What's the Secret to Becoming an Ellison New Scholar in Aging?

As of November 2013, the Ellison Medical Foundation is no longer pursuing biomedical grantmaking. Please read our article about the foundation's sudden announcement here.

This fall, the Ellison Medical Foundation (EMF) announces 25 new awardees in its New Scholars in Aging Program. Each awardee will receive up to $100,000 annually over the course of four years.

Designed to serve as a financial springboard for young scientists, the Ellison Foundation New Scholars in Aging Awards are doled out to young postdocs in the first three years of their careers. "They are at a vulnerable stage in their careers, establishing their own labs," says Ellison. "These awards contribute to a safety net that allows bright young scientists to staff their labs, collect preliminary data, and organize research in order to gain ongoing support from other sources."

So, 25 young scientists received a bundle of money from the foundation this fall. But who are they? What makes them special? We at IP thought sharing more in-depth information about this award might help future New Scholars in Aging understand how to improve their odds of securing funding. So without further ado...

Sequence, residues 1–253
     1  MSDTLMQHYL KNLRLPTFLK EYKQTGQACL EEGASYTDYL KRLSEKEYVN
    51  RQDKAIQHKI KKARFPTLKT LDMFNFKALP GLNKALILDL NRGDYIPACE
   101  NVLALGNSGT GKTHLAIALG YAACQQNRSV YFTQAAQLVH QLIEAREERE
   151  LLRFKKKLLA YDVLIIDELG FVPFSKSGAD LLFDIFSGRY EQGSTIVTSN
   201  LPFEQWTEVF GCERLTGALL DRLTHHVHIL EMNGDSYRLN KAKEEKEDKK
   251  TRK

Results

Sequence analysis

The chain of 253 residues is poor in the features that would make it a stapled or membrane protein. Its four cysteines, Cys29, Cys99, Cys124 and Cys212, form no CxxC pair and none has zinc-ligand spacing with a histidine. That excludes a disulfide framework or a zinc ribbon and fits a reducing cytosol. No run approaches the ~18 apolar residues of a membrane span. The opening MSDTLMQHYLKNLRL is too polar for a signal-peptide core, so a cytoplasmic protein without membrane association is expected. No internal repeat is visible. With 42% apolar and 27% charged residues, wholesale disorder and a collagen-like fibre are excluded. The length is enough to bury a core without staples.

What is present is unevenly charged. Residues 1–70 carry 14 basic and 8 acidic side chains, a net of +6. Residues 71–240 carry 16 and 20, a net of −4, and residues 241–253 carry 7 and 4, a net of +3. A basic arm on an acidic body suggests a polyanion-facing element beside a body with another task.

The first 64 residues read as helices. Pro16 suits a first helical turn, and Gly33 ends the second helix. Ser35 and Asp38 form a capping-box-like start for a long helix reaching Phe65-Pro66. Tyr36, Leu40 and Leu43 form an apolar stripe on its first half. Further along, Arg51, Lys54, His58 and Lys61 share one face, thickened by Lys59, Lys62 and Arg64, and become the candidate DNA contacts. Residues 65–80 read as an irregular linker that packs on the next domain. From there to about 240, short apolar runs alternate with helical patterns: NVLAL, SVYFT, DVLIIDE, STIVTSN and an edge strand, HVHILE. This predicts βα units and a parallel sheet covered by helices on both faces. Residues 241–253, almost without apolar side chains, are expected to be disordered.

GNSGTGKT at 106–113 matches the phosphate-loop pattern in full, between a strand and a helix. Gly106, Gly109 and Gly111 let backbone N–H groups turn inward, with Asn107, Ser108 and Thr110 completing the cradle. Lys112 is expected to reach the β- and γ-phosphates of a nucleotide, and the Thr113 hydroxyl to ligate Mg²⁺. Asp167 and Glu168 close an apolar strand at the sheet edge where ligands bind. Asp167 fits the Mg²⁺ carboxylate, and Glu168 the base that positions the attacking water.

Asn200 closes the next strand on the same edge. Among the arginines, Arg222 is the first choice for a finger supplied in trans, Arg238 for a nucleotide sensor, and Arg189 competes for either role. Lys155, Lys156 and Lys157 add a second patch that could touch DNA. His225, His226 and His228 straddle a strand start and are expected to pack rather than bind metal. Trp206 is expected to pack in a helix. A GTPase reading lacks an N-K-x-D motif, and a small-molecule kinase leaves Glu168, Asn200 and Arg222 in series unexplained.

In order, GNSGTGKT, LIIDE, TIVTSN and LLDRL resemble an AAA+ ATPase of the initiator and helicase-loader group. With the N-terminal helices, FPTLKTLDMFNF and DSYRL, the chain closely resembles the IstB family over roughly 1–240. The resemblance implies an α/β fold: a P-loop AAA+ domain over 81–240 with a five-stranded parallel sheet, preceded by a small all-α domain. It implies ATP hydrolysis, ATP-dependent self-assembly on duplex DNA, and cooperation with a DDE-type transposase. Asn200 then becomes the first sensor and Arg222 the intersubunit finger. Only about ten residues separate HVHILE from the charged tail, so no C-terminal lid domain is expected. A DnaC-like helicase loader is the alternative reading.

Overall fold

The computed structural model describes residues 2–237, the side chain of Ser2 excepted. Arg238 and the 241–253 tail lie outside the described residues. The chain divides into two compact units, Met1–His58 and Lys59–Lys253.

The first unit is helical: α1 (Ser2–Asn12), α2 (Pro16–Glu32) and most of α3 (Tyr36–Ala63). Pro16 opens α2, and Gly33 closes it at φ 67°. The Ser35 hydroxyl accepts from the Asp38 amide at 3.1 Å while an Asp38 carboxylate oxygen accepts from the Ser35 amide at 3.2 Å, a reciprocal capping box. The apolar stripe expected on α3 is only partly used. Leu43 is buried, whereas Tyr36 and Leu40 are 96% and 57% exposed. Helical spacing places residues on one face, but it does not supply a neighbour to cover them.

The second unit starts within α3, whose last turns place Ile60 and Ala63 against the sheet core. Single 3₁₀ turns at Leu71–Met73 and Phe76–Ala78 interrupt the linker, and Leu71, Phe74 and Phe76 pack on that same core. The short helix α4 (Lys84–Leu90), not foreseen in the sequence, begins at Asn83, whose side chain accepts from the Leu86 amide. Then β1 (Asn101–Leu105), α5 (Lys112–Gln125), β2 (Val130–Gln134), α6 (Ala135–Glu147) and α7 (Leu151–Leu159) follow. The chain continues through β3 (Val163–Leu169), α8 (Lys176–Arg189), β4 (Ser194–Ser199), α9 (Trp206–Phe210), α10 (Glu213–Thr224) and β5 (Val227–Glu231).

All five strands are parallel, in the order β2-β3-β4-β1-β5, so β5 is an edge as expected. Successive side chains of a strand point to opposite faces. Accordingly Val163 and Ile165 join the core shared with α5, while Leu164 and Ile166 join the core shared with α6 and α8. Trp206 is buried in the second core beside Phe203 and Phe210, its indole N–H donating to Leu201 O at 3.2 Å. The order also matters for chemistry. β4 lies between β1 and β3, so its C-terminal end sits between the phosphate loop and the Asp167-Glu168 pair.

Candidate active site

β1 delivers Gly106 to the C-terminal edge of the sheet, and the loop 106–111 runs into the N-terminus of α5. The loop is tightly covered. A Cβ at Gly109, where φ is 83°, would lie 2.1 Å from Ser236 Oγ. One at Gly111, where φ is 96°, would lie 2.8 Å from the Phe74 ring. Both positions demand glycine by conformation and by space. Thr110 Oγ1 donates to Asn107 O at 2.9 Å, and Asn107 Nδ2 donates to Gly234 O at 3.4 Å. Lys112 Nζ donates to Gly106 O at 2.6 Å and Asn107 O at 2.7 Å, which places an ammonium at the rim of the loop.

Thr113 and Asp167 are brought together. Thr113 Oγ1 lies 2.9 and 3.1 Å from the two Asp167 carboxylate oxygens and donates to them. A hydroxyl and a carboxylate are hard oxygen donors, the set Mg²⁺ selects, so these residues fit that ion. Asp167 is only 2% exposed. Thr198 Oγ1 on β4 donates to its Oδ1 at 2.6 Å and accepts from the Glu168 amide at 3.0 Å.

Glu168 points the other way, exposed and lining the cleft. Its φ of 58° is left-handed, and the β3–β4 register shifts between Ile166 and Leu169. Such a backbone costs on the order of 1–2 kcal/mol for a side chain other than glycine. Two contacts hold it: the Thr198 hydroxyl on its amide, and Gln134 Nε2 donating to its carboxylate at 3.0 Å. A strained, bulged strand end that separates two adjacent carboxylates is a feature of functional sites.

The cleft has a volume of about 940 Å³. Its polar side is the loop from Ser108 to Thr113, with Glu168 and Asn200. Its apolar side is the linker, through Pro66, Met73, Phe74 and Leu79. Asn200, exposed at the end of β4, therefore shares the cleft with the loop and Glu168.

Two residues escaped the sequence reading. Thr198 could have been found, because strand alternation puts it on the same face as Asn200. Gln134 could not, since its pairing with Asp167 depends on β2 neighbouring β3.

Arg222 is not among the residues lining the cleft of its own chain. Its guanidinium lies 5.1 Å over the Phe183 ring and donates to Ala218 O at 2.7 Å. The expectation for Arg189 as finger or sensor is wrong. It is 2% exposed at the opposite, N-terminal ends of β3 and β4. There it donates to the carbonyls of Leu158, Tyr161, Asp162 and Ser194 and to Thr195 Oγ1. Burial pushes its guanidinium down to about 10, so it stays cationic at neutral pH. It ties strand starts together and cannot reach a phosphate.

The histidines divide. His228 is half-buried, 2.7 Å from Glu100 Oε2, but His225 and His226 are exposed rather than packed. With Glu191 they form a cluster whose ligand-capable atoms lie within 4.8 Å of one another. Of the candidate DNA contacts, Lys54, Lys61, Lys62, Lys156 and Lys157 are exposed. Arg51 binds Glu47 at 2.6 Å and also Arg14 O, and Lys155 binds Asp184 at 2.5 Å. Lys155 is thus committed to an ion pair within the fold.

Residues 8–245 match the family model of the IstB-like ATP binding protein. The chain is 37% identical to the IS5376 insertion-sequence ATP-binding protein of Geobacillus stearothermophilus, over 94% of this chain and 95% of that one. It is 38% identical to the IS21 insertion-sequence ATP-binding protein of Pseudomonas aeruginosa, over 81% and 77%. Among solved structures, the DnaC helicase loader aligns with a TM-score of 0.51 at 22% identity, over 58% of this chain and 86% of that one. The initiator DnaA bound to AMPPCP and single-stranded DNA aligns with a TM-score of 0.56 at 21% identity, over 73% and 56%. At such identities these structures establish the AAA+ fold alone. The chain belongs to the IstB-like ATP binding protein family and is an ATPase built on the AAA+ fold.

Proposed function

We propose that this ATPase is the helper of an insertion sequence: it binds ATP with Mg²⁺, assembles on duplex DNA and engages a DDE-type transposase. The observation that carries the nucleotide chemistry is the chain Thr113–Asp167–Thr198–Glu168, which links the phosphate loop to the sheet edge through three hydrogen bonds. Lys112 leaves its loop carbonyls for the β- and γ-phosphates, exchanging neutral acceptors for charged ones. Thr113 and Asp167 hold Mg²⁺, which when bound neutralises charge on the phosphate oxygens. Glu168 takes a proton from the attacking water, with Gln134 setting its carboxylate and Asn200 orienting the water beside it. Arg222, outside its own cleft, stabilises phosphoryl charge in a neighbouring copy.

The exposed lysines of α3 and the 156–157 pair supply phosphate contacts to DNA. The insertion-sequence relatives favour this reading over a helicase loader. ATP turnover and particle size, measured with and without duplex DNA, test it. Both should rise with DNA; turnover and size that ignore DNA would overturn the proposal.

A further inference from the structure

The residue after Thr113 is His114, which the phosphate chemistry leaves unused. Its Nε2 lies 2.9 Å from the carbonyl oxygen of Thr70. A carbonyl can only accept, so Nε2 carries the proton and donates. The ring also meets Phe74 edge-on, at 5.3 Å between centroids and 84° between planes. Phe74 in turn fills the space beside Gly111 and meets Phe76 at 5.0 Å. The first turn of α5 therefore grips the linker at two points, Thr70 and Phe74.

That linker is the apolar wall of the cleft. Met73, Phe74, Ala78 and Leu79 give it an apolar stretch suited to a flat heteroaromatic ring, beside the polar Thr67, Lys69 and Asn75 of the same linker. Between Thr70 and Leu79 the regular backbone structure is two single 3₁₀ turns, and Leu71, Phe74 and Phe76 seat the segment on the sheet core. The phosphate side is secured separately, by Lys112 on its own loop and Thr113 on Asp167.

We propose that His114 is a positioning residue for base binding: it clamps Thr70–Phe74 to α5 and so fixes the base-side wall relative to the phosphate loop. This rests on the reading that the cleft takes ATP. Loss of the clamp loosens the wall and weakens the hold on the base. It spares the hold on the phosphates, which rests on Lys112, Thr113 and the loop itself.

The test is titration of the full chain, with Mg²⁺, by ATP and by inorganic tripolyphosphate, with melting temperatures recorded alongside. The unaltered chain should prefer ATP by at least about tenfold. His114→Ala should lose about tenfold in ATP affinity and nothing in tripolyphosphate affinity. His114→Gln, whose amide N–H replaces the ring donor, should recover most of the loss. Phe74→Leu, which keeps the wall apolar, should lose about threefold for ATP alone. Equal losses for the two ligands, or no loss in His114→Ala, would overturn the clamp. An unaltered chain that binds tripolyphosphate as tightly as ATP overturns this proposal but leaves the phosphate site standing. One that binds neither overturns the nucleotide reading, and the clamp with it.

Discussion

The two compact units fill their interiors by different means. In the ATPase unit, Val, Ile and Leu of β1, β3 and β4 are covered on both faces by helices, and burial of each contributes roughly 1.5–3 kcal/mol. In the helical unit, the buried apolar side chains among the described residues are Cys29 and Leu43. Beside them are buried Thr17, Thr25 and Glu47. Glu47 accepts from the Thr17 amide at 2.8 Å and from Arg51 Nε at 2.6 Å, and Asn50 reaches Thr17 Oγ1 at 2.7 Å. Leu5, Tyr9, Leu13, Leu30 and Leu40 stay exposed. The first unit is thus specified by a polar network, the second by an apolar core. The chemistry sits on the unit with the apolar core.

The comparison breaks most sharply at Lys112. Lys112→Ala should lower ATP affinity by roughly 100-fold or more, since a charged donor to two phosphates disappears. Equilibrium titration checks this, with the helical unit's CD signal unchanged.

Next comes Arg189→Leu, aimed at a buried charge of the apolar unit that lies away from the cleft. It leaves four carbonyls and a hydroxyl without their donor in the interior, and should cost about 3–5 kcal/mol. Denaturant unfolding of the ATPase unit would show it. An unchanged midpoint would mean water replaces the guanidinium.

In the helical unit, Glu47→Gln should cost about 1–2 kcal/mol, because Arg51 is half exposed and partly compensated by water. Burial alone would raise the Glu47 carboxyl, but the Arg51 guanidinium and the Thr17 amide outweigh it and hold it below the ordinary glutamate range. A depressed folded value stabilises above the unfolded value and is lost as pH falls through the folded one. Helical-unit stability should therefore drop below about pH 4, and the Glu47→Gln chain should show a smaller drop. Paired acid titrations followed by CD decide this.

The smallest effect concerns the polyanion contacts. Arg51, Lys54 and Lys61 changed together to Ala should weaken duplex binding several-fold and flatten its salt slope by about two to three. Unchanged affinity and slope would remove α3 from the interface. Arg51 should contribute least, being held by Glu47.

The first thing you need to understand is, it doesn't matter what university you hail from, how big your lab is, or how well-established you are (or aren't). What it comes down to is the idea itself. It needs to be daring. It needs to be untested. It needs to be out there (but not too far). The Ellison Medical Foundation sees itself as dropping a welcome rope ladder down to a creative pool of scientists who are usually left high and dry by more conservative philanthropic organizations. It wants the best and the brightest — but also the most creative. Where many philanthropists seek to reward great breakthroughs in scientific applications and method, Ellison Medical wants real discovery. A new protein. A new genetic marker. A cure.

The foundation wants to hear about a new hypothesis testing the importance of astrocytes in brain aging. It wants a study that looks for genetic markers that influence lifespan — in nematodes — and sees applications for how the information gathered can be applied to more advanced organisms. New Scholars come from a wide range of universities — mostly big research schools on the east and west coasts, but smaller colleges and biological research stations also are well represented. You don't need the cache of Yale or Harvard to get this award, but it doesn't hurt, either.

Spend time developing your pitch. Make sure it's truly innovative, cross your fingers, and try your luck. You just might be one of the lucky recipients that the Ellison Medical Foundation showers cash on this year.